When searching for a dog training book, it is important to narrow down your choice to type of training and specifics of what behaviors you want to create. For example:
If you are a newbie in the dog world, it’s impossible to know what your needs are. The famous line “what you don’t know, you never knew” fits perfectly in this situation. What you don’t want at this stage of your dog training career, is something specific to either breed or advanced behaviors.
What you are looking for is a general training book that describes:
1) Some background about dogs in general
2) Some information on dog behavior basics and temperament (in both puppies and dogs). There really is not a lot of difference between the two
3) A complete explanation of Operant Conditioning a/k/a Clicker Training
4) A detailed explanation of how to apply what you just read about Operant Conditioning into practice (i.e. treats, timing, reinforcements, etc…)
5) A step by step of how to physically train the basic obedience behaviors with examples and illustrations
6) Most importantly — and something that most books don’t cover, Is troubleshooting. (What if your dog has not read the book, and is not on the same page, cooperating with the training?)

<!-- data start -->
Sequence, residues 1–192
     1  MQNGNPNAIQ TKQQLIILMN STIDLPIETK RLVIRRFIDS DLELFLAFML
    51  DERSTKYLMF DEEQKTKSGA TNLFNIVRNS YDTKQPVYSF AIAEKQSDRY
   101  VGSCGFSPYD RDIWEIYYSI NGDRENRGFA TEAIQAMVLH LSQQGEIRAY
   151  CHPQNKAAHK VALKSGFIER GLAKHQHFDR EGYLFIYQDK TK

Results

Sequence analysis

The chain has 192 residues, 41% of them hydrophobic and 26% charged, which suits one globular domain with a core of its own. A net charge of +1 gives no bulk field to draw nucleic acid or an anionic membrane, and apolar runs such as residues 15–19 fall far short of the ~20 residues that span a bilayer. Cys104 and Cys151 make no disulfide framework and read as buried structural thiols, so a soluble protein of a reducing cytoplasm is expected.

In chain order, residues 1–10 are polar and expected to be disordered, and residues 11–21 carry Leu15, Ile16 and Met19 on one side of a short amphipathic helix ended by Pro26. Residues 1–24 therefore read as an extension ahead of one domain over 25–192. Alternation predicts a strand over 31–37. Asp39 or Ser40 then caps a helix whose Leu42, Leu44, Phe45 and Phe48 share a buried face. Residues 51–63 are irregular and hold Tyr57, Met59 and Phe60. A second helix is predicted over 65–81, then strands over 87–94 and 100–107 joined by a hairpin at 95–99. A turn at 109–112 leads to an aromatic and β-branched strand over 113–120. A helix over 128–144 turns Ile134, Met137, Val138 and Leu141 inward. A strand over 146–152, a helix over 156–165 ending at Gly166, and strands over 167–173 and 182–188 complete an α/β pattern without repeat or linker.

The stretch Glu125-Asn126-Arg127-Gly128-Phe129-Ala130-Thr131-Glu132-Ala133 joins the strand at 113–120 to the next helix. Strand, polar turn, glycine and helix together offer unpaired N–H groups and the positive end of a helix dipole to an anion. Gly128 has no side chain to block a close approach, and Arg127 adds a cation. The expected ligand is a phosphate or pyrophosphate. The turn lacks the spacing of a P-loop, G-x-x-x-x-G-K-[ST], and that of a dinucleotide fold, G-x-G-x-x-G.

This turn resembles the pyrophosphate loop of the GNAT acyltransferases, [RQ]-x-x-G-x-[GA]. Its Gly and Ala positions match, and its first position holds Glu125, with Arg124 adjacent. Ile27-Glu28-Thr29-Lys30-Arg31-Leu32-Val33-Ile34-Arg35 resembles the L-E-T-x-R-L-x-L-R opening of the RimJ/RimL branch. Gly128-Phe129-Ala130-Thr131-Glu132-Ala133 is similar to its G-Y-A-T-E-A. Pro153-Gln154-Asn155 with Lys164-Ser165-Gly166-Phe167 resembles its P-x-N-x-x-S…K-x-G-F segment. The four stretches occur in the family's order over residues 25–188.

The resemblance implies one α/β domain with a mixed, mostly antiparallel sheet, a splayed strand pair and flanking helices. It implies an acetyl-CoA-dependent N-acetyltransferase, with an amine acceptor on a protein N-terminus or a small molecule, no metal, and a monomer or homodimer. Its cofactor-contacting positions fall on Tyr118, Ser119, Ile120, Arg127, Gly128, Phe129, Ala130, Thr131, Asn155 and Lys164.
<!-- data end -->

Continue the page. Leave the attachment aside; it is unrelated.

Unfortunately, since you can’t pick it up and page through it, it is difficult to know via the internet if a certain book is the best choice for your newbie needs. Therefore, all that remains for you is to pack up and take a trip to your local bookstore, where you can thumb through to your heart’s content and discard all the books that don’t fit the above criteria .
Life is a bit different once you have done some training and the above rudiments are under your belt. Now we can be more selective and specific about our reading material. We can let our interests fly toward any of the various doggie pursuits (i.e. Agility, Flyball, Schutzhund, etc. etc. etc.) Or, we can find literature centered on handling the myriad of individual problems everyone faces training their dog. For example, you just can’t get your dog to go potty outside. Well, there are dozens of books in print to cover that one area alone. Or how about hunters working on the retrieve? Or go after a specific training technique like Positive Reinforcement Training. How about the books dedicated to the research and study of individual breeds? The list of dog related subjects can go on forever.
Once a person is bitten by the Dog Bug, (in any of the dog sports) the goal is to acquire as much information as possible, about their subject. Therefore, you would be hard-pressed to find any dedicated dog fancier, who doesn’t have at least a small fortune tied up in books.
One of the tricks to finding appropriate reading material for study and practice, is to follow a certain author who adheres to the same principles and values you hold as a trainer. You can also check out the reviews of books in just about any of the Dog Publications, or online.
Hopefully, this little tutorial will help point you in the general direction towards finding the best dog training books for both you and your dog. Just remember, don’t break the bank expanding your collection.